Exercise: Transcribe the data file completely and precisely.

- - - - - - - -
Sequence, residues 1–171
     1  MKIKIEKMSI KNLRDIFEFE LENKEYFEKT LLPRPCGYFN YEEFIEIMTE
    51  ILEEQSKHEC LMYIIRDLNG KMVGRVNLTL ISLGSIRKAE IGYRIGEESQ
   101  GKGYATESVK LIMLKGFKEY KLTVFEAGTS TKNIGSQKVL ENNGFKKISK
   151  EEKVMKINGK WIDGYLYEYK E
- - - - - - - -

Sequence, residues 1–171
     1  MKIKIEKMSI KNLRDIFEFE LENKEYFEKT LLPRPCGYFN YEEFIEIMTE
    51  ILEEQSKHEC LMYIIRDLNG KMVGRVNLTL ISLGSIRKAE IGYRIGEESQ
   101  GKGYATESVK LIMLKGFKEY KLTVFEAGTS TKNIGSQKVL ENNGFKKISK
   151  EEKVMKINGK WIDGYLYEYK E